years ago, we weren’t sure how much longer we would be talking about HC Troy Calhoun at Air Force (2015 SUR 8-6; PSR 8-5). The Falcs had been losing altitude for a while and were off of a brutal 2-10 collapse in 2013 that was the program’s worst-ever mark, which included some very lean years in the 1970s. Moreover, long-serving AD Hans Mueh, the man who hired the former fly-boy Calhoun to replace his mentor, Fisher DeBerry, for the 2007 season, was ready to retire from his post. The gears seemed to be in motion for a change unless Calhoun could get things turned around and quickly.

Fast-forward two years and Calhoun is back again on firm footing after 18 wins, a pair of bowl appearances, and a Mountain Division crown, causing Gregg Popovich and other alums to chuckle and wonder what all the fuss was about in the first place. Calhoun has now qualified for the postseason in seven of eight campaigns at the Force, something even the legendary DeBerry, now in the Atlanta College Football HOF, could not accomplish with the Falcs (DeBerry never went to more than six bowls during any of his eight-year spans).

In retrospect, 2013 was the aberration, a season wrecked by a cascade of injuries that especially decimated the QB position. With a bit better injury luck, Air Force has returned to its normal perch in the MW under Calhoun in the two seasons since.

(We’re glad Calhoun is still in the fold, if for no other reason than being annually amused by the Air Force coach at the summer Mountain West Media Days, where Calhoun’s peculiar demeanor and manner more resembles that of a CIA spook than the usual coaching stereotypes.)

As Air Force’s option-based offense has routinely reloaded over the years, there is not much worry at the Academy at the thought of the strike force replacing seven starters, including almost the entirety of last year’s starting OL, for this fall. There is near-giddiness, however, at the thought of nine starters back and experience all across the field for a defense that was one of the best in the Calhoun era and ranked in the top quartile nationally of several key stat categories.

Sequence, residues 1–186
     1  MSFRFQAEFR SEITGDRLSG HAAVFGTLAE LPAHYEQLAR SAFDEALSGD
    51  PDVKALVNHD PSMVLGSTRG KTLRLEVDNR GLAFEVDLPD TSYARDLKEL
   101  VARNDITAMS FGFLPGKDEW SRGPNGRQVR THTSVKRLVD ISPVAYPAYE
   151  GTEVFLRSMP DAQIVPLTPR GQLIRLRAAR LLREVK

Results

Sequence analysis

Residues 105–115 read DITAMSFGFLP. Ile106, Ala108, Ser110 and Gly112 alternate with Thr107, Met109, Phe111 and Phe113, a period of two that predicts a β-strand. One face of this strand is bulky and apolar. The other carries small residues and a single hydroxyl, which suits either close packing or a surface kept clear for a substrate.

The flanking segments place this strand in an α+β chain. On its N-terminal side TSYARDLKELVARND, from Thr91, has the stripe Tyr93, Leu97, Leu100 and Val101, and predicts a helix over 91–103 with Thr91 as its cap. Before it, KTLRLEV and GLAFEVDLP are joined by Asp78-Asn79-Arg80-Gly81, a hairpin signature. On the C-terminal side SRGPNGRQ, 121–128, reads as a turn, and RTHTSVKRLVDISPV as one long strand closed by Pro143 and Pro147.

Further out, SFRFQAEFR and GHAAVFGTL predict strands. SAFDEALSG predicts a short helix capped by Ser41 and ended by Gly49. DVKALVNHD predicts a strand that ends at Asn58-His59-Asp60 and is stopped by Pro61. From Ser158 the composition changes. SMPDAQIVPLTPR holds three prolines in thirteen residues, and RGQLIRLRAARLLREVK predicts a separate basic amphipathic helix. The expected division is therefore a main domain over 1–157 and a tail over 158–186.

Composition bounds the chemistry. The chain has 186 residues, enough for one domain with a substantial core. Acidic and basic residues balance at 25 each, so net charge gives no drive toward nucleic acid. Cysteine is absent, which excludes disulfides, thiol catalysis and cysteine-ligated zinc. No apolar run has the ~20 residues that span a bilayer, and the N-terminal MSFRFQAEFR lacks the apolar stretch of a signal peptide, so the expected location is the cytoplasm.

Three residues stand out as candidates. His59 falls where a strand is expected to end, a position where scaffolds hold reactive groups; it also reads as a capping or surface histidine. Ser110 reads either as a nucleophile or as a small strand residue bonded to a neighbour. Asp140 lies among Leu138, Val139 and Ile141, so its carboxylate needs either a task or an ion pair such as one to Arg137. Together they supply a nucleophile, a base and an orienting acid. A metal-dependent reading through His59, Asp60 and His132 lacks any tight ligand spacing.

The key a year ago for d.c. Steve Russ was the ability to bring pressure from all angles in the hopes of disrupting opposing QBs who would be less likely to exploit the Falcs’ athletic mismatches on the edge. The Force’s 37 sacks confirmed the Russ tactics and would rank a very respectable 23rd in the nation and key the ascent to the Mountain half crown.

Even with all of the returnees, there is some concern about filling the role of graduated Alex Hansen, a pass-rush beast considered by Calhoun as the best DE he has ever coached. (That sort of praise is so out of character for the normally-calculating Calhoun that we have to believe him.) But still in the fold is perhaps the best defensive playmaker in the MW, all-name SS Weston Steelhammer, a rare combo of aggressiveness against the run coupled with ball-hawk tendencies, partly explaining his 11 career interceptions. Steelhammer’s value to the Force “D” was never underlined more than after his ejection in the Armed Forces Bowl vs. Cal, when the Falc stop unit unraveled afterward. An all-senior 2ndary also features CB Roland Ladipo, an All-MW selection a year ago.

Last year, the offense would continue to post its usual top ten rushing stats (in 2015 it was 319 ypg, good for fourth nationally), though it had to revert to a more pure version of its option roots after QB Nate Romine, the rare Force QB who passes better than he runs, was lost to a knee injury in the second week vs. San Jose State. Senior relief pitcher Karson Roberts was well-versed in the nuances of the option but could not stretch a field with his arm as Romine, who returns for his senior season with perhaps the best Falc receiving threat since the long-ago days of Ernie Jennings, Jalen Robinette, a unique big-play target. Even with the limited Roberts at the controls, Robinette caught 26 passes for a staggering 24.7 yards per reception with 5 TDs in 2015 and should significantly improve upon those numbers if QB Romine can stay healthy this fall.

As usual, Calhoun’s offense will feature a deep collection of runners. As Robinette is a playmaker for the passing game, slashing TB Jacobi Owens (1092 YR in 2016) is for the infantry, gaining serious yards last season even after he was temporarily switched to the FB spot due to injuries. Junior Timothy McVey offers relief for Owens and perhaps a greater homerun threat after gaining a whopping 8.5 ypc last fall. Though injured for parts of last season, fullbacks Shayne Davern and D.J. Johnson are brutishly effective, as Air Force option protocols demand, when healthy. Junior PK Luke Strebel missed only 1 of his 11 FG tries a year ago.